RICHMOND, Va. (WWBT) - We’ve all explored and even depended on the world of Zoom and online chats in 2020. But long before a pandemic pushed everyone to screens to interact, many children with chronic illnesses found their way to each other the same way, and the result was life-changing.
Motherhood is rarely “typical,” and it certainly took an unexpected turn for Richmond mother Sherrie Bruce, who raised an extraordinary child, in extraordinary circumstances.
“Eryn was born in 2001,” said Sherrie Bruce. “We didn’t know before she was born that anything was wrong but when she was born, immediately we knew that something wasn’t right.”
Eryn’s muscle cells never properly developed.
“Her brain was completely normal,” explained Bruce. “So she was just basically trapped in a body that didn’t work right.”
But Eryn never focused on what wasn’t right. She had friends at school, and like any kid, hopes and dreams in her heart.
“It would have been so easy for her to be stuck in an anger,” said Bruce. “A ‘why was I born this way’ sort of way, but she never was. She was always just so fun to be around.”
Still, Eryn faced challenges most kids don’t - being in and out of hospitals.
“She had 16 back surgeries over her life,” said Bruce. “So, from the time she was 7 to 16, her pain became too great so we had to pull her out of school in middle school and she finished up schooling online...So she was really more housebound a lot of the time, so she lost all of those friendships she had gained when she was in school.”
And that change was hard on Eryn.
“You desire and need those friendships, and she just wasn’t able to get to them through any traditional way,” said Bruce.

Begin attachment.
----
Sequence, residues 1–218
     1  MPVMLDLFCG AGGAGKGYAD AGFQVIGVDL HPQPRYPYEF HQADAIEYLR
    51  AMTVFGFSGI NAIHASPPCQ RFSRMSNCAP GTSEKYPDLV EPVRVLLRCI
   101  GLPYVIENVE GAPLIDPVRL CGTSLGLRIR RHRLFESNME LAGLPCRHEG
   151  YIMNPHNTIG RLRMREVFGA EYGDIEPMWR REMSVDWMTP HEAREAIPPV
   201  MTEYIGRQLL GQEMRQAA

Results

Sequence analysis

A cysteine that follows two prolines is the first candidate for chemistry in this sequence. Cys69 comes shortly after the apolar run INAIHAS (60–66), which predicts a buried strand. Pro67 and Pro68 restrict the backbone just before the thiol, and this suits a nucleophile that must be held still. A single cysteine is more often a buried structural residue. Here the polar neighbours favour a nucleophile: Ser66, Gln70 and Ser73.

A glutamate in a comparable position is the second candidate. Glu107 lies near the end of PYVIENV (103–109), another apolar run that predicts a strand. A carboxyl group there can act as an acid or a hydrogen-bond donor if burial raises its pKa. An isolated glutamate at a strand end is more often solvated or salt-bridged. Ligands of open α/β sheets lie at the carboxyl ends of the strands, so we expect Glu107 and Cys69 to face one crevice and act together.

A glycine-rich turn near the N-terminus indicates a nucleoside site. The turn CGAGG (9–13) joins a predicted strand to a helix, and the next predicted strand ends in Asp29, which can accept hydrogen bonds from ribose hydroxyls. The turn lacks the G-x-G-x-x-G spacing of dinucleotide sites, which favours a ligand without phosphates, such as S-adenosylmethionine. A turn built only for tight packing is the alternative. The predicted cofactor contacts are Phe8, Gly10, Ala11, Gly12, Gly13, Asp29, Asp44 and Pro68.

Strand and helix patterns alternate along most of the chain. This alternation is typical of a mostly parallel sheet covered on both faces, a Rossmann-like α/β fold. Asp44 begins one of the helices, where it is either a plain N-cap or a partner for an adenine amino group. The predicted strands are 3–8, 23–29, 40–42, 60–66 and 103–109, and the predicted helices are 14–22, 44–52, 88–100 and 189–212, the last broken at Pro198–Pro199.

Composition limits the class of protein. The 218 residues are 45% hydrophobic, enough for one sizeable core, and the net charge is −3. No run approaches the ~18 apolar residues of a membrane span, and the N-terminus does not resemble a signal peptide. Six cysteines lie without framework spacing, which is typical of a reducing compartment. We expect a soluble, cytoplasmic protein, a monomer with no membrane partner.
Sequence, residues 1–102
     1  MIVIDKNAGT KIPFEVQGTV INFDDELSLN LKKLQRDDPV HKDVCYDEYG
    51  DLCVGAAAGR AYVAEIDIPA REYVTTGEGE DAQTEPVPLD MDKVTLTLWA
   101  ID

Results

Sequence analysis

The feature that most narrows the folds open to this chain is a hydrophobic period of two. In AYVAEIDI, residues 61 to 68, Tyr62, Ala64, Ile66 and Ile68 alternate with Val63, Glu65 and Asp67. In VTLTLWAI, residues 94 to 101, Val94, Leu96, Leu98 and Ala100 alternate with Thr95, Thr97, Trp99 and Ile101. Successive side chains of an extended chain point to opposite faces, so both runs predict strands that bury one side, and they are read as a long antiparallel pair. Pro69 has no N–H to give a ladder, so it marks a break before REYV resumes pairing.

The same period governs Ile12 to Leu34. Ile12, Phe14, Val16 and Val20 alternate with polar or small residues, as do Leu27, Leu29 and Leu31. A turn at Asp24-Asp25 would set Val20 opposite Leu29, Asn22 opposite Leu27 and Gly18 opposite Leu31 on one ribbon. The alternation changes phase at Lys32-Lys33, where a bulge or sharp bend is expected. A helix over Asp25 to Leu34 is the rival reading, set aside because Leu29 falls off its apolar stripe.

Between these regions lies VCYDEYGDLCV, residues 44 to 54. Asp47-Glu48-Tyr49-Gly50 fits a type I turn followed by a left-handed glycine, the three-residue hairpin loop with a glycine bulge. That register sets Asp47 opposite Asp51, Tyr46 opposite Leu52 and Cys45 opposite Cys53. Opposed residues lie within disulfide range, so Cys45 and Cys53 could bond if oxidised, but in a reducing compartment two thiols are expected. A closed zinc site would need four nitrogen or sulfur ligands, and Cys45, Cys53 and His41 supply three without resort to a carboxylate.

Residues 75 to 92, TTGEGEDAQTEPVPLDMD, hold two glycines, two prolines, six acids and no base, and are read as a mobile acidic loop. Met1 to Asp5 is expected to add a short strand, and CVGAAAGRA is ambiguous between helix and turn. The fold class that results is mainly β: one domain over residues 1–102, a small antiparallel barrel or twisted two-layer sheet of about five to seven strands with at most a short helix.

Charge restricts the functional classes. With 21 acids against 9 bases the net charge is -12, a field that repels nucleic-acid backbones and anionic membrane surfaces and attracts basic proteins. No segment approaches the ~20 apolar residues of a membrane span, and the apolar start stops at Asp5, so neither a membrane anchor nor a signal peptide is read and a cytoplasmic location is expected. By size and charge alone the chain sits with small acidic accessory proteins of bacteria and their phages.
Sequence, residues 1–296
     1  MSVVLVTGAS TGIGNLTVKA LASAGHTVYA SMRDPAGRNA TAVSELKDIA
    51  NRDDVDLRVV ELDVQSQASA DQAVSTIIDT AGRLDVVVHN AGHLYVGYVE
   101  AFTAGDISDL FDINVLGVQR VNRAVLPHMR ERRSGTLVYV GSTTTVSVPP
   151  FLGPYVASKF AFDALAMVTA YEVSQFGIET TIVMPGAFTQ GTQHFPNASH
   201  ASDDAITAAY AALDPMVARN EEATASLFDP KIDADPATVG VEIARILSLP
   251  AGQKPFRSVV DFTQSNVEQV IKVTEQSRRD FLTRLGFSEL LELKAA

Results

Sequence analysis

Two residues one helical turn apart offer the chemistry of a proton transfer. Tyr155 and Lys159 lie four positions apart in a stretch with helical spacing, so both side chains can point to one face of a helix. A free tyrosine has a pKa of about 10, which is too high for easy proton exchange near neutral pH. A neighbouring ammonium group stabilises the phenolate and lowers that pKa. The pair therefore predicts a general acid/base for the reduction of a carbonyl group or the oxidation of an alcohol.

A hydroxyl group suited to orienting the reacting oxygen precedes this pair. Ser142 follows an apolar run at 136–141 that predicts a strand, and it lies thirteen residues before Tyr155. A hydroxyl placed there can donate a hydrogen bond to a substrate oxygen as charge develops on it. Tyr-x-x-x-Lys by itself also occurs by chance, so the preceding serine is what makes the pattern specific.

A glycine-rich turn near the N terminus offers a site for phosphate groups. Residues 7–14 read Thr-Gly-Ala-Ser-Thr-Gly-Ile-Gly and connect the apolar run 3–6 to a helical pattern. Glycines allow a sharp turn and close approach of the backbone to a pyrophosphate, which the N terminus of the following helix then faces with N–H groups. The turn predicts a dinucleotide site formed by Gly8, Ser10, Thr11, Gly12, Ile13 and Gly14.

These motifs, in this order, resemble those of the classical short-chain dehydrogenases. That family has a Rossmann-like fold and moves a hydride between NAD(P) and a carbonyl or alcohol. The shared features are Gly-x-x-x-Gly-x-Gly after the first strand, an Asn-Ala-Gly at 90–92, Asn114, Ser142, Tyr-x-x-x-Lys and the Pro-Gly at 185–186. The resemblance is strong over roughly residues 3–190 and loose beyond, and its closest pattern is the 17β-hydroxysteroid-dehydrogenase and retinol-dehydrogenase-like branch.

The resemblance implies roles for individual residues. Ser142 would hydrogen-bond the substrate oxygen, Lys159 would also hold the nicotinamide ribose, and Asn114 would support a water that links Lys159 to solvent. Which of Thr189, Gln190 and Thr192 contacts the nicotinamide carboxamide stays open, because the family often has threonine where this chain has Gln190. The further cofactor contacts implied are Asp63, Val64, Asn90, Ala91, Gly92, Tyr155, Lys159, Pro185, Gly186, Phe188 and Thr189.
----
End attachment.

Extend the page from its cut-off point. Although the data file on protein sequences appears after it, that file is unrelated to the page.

Then, through a hospital stay, Eryn found out about an organization called “Chronic Warriors.”
It’s a national organization that serves chronically ill children facing a variety of medical issues, but since it’s all online, Eryn could participate at home.
And her family will tell you, it changed the course of her life.
“You know, Eryn would tell us ‘Fushia said blah, blah, blah’ and she would get little gifts from them and she was like, ‘yeah, my Chronic friends,’” said Bruce.
Formal meetings are moderated by a licensed clinical social worker. But once these kids connected, they chatted outside of the group, as teens do.
“Eryn was trying to get a boyfriend so there was a little bit of help in there with that - that they would try to talk about but just typical teenage, young adult kind of stuff that they would talk about,” said Bruce.
And for a child, medically dependent on many skills, that normalcy felt great for the whole family.
“These were friendships that she made on her own, using her own personality, her own individualism, and friendships that lasted until the day she died,” said Bruce.
Eryn passed away in 2019, but her family continues to raise awareness about Chronic Warriors because they know how important the program is for so many kids - the independence it enables, and the relationships it builds for kids in extraordinary circumstances.
“That just gave me peace knowing that she was still happy and her life was still a life well-lived because she could have that independence. It wasn’t just a life about medicine and treatments and pain. It was a life of joy and fulfillment, and she got it specifically from this group.
If you think Chronic Warriors might be a good fit for your child, click here to learn more.
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